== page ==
The procedure for the chicken also includes the when for how to not only make the chicken but the sides, too, and most importantly how to get it to the table at the same time. Multitasking FTW. The best pot or pan to use for a dish like this one is a 10″ or 12″ diameter one with at least 2″ sides. When in doubt go too big, too small and you will end up with stock all over the place. That sucks, trust me.

Beer Braised Chicken – recipe written for 4 large, saucy portions w 2 thighs per person. Add more chicken for more people and it won’t hurt a thing up to 12-ish thighs.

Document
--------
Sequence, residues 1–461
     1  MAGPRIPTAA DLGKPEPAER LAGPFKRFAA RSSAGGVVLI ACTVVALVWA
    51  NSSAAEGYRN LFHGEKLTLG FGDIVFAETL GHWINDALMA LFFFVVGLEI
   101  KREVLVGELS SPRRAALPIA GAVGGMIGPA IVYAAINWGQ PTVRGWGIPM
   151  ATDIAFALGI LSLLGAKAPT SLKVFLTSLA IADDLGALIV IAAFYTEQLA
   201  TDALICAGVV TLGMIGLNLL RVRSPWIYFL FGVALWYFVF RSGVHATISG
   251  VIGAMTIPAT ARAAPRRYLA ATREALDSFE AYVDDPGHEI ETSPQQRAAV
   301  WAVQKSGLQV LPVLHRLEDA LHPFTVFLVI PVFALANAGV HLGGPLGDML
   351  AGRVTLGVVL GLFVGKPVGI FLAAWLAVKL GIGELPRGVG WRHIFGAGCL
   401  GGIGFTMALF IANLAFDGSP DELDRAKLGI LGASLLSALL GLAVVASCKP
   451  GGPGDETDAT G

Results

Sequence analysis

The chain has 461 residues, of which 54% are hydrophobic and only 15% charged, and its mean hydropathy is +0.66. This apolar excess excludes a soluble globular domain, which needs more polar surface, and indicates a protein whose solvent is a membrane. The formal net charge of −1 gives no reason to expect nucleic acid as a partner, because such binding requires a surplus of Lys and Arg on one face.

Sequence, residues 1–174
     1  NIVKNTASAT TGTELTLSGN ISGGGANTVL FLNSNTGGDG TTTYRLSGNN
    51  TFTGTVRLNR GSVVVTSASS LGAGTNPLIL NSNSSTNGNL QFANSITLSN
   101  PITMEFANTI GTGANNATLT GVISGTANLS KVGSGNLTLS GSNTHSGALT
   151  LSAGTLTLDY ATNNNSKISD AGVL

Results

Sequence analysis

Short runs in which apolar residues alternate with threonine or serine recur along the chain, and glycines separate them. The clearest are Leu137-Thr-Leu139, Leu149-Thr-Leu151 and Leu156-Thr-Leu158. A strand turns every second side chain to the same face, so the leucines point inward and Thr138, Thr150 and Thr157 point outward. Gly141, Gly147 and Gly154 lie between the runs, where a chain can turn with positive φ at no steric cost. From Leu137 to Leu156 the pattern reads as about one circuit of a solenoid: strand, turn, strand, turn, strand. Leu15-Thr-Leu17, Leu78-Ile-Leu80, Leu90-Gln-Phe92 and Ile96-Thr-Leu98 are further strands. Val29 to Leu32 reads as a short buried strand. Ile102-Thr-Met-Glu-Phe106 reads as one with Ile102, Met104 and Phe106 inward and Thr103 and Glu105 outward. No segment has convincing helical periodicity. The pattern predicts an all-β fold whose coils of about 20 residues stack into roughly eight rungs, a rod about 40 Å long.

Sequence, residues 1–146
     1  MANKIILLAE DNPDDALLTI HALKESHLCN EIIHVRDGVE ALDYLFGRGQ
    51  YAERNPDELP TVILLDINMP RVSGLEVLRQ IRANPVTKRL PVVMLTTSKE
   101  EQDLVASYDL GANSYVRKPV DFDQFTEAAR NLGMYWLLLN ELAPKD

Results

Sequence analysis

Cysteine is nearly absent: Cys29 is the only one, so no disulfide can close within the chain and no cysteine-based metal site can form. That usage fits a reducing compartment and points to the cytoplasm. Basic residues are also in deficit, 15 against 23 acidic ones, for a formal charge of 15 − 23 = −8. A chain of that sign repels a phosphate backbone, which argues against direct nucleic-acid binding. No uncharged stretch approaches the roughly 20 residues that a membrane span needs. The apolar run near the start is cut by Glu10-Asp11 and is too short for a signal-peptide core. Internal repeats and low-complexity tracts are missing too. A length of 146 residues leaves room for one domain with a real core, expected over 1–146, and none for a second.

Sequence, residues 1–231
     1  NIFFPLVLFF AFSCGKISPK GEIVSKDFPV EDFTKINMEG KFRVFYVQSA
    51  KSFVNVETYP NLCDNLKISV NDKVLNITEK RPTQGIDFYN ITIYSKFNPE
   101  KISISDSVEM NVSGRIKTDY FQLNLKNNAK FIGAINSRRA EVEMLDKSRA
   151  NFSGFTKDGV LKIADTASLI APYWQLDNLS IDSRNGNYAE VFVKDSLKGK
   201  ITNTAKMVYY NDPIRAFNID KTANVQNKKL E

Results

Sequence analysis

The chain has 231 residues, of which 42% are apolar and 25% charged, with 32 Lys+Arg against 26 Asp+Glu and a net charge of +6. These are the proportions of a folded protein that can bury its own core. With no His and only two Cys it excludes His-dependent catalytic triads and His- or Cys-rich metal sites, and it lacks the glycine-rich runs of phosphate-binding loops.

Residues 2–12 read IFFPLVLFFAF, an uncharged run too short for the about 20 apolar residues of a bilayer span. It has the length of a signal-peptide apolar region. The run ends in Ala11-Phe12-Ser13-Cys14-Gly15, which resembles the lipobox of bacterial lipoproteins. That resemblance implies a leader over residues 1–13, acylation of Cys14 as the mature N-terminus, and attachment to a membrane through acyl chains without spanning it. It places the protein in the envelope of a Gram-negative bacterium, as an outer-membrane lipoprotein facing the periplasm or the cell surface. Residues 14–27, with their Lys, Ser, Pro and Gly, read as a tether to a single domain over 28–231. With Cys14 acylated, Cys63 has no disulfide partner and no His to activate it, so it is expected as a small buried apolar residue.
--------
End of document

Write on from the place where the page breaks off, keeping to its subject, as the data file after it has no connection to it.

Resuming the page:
• 6-8 Bone In, Skin On Chicken Thighs
  • Salt, Pepper & Dried Thyme to season chicken
  • 4 slices Thick Cut Bacon, diced
  • 1 each Sweet Onion, julienne
  • 1/2 Bell Pepper, small dice
  • 2 cloves Garlic, minced
  • 1# Crimini Mushrooms (or really any other kind you want)
  • 12 oz Brown Beer **
  • 3 cups Chicken STOCK – never broth. Ever.
  • 2 each Bay Leaves
  • 2oz Butter, softened